3. The idea that you get at in these pieces, of consumer envy that masks deep dissatisfaction with personhood–or longing for a Look that might make life as ideal as the clothes suggest it to be–is so much about performance, looking and being seen. How do you think about panties–which are generally intimate and hidden, except from sexual partners and maybe children–in relation to that idea of exterior performance? (Also, have you read Leela Corman’s Unterzakhn?)
I have not read that book! Will go and look it up!
There’s something luscious to a secret garment or accessory, isn’t there? Even if no one else can see it, you know you have it on, and there can be something very illicit and thrilling about keeping that secret in public all day. This can be true of panties, although if the panties are good quality, hopefully they’re so comfortable that you’re not actively feeling them all day long. (You’re still aware of them whenever you go to the bathroom, though!) When I wear a garter belt, it definitely gives me a little extra oomph, even if no one sees it, because I can feel it throughout the day, and I feel a little more special, a little sexier, a little retro, a lot more femme, and also, yes, a little inconvenienced. That interior knowledge affects the external performance of my identity.
4. You write, “I felt called out, like when I went to a Buddhist retreat and the first thing the rinpoche said was, “Everyone is here for the wrong reasons,” and I knew he was right, at least about me.” What drew you to that retreat? What is the right reason?
I’d left NYC to go to graduate school, and newly out of an unhealthy relationship and into a new, saner one.
In some ways my new life was more grounded, less toxic than it had been for years, and in other ways there was still a lot of drama and craziness (I was in an MFA, after all, and one in a very weird city!). I was trying to find balance, and two of my professors—George Saunders and Malena Morling—were practicing Buddhists, and so I started down that path.
I think “the right reason” to go to a Buddhist retreat is to be present and work on your meditation practice. I think most people go because they want to impress someone else, or think of themselves as more noble or cool or righteous, or to get a quick-fix to a current problem: at least, those are some of the reasons I think I was there. American Buddhists, like American yogis, tend toward thinking of themselves and their practice as really special and groovy, and requiring various purchased accessories (activewear! bells! pillows! yoga mats!), which is of course counter to the kind of ego and material detachment such practices actually encourage. Oh, well. That rinpoche wasn’t saying we were bad people: he was just reminding us that our egos were very much still in play. Which they were/are. I don’t know anyone who has achieved enlightenment, though I know some people I think of as pretty darn close. I am not one of those people.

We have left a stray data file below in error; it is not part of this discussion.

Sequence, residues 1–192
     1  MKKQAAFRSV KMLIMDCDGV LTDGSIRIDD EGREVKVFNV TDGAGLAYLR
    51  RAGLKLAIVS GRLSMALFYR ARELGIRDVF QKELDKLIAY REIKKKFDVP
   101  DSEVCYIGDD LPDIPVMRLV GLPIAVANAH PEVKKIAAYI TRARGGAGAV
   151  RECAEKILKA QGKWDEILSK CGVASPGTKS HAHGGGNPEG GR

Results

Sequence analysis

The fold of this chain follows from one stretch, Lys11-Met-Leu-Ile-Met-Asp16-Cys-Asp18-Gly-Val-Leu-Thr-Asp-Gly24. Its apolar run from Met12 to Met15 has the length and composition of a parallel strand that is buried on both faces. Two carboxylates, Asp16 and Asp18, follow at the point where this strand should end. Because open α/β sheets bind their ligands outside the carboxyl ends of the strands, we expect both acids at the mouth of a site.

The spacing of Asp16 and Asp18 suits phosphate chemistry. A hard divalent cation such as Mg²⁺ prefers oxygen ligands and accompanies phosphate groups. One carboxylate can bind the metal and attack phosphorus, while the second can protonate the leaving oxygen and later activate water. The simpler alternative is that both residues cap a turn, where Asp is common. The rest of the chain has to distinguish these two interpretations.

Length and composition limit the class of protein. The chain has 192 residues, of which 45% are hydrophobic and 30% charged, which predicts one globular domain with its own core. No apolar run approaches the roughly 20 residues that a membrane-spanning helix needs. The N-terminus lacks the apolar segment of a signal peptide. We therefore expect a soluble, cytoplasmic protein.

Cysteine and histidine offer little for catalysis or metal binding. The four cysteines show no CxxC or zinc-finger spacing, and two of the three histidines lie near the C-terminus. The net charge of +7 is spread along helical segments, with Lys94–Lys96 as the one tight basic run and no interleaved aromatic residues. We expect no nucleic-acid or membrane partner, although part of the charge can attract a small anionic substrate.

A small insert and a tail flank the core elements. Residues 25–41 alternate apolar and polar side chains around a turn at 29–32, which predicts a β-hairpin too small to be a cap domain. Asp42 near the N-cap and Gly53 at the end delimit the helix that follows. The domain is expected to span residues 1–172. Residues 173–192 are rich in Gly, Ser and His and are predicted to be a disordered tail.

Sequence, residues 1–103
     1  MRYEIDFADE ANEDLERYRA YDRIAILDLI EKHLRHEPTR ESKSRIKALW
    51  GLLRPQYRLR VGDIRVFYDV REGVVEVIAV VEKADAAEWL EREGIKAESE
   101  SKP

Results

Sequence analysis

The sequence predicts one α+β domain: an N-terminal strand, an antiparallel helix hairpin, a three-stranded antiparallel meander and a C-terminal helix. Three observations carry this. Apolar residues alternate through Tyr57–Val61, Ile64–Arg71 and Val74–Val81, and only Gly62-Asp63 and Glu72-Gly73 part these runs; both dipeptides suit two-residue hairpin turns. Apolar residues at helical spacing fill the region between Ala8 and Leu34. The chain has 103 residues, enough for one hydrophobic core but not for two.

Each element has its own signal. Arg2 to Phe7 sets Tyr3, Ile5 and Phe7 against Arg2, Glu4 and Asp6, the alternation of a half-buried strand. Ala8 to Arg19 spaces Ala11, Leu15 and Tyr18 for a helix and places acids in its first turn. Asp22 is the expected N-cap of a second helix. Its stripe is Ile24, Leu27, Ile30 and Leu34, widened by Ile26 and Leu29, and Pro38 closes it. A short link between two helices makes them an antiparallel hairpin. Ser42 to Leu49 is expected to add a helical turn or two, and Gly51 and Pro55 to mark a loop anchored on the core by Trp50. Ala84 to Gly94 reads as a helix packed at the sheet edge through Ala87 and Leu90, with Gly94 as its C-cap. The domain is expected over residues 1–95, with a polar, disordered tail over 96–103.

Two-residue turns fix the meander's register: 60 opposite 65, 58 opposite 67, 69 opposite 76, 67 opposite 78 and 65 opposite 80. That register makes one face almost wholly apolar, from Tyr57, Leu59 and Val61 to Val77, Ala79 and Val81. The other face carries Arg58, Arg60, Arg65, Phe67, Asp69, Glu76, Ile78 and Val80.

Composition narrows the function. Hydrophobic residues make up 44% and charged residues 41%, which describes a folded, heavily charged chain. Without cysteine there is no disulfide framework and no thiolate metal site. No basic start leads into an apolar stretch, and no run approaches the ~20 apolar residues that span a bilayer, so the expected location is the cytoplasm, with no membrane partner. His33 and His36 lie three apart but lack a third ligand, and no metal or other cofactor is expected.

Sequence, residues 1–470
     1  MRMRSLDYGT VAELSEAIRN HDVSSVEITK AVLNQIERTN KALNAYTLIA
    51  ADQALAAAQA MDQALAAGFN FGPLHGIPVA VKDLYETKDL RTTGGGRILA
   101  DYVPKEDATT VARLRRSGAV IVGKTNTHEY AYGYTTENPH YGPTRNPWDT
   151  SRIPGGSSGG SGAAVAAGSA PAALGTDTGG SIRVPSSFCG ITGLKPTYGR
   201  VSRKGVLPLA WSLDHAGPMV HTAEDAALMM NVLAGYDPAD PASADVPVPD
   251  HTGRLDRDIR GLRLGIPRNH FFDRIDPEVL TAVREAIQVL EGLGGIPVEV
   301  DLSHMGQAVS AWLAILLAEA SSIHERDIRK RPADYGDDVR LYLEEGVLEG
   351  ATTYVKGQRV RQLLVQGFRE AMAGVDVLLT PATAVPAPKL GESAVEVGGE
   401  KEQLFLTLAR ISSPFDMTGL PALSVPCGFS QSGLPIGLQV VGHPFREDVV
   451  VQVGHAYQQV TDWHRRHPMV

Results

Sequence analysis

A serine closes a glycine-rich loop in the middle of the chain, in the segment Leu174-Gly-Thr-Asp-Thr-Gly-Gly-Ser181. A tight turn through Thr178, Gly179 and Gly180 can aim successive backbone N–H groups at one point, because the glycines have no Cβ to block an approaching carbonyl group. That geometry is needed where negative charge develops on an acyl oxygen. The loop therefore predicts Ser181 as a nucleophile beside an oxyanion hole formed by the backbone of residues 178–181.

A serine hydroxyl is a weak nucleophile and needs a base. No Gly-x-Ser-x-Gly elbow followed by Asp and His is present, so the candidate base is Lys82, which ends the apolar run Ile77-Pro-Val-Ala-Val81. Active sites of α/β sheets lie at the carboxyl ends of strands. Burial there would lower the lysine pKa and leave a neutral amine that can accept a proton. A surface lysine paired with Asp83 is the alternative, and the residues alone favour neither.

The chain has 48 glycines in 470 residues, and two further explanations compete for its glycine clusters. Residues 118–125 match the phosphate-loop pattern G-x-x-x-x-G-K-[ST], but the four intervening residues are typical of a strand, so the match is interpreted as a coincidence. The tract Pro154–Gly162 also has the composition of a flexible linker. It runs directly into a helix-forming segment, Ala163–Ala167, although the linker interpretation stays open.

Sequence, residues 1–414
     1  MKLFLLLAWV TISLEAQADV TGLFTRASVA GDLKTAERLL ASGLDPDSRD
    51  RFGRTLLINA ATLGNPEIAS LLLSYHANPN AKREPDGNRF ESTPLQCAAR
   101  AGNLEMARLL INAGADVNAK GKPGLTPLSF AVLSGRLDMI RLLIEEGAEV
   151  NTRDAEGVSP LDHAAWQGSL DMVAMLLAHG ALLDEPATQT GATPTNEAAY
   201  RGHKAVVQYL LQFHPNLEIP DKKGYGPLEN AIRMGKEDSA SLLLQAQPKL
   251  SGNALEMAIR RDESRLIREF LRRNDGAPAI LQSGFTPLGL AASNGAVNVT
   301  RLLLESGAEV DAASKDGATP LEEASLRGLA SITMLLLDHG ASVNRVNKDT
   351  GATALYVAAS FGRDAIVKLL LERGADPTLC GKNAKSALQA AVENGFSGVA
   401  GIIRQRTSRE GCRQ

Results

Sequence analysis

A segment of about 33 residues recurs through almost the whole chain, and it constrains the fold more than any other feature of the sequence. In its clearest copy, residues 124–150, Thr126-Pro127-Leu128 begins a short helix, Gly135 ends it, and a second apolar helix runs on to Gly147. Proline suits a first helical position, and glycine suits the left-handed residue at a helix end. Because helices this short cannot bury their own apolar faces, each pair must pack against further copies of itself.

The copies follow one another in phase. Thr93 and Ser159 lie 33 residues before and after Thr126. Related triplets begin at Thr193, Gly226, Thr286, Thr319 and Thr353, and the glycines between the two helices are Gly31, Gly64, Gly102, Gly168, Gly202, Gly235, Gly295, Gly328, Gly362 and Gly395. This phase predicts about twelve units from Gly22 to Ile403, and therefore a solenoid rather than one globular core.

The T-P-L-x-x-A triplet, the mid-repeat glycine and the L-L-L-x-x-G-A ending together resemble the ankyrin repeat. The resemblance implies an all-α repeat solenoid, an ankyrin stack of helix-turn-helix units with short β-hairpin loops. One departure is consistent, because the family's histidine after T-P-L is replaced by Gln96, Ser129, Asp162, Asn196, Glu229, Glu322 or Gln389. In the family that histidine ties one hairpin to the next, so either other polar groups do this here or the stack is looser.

5. The first excerpt from Locally Made Panties ends with the line, “I sometimes think about the challenge of being an old woman with a Look,” which beautifully sets the tone for the satire that follows, and does a kind of George Saunders-like Emphasis of Absurdity in Ordinary Jargon. How else but through humor can we possibly live within the stifling set of requirements for womanhood—for gender and personhood of all kinds? What works or writers influence you?
Ah, you found the hidden George Saunders in the book! I do love what he does with vernacular, and I love Joyce and Nabakov and Flannery O’Connor and Heather McHugh and CD Wright and Miranda July and so many others; earlier, as a kid, I loved Edward Gorey and Lewis Carroll and Francesca Lia Block. What all these writers have in common is a mixture of intense playfulness (especially around vernacular and language) and dark humor and edge combined with vulnerability and sweetness and empathy.
Absurd, surrealist, black humor is certainly the register of my heart: there’s a reason my first book is titled after Duchamp and my second book is titled after Kafka.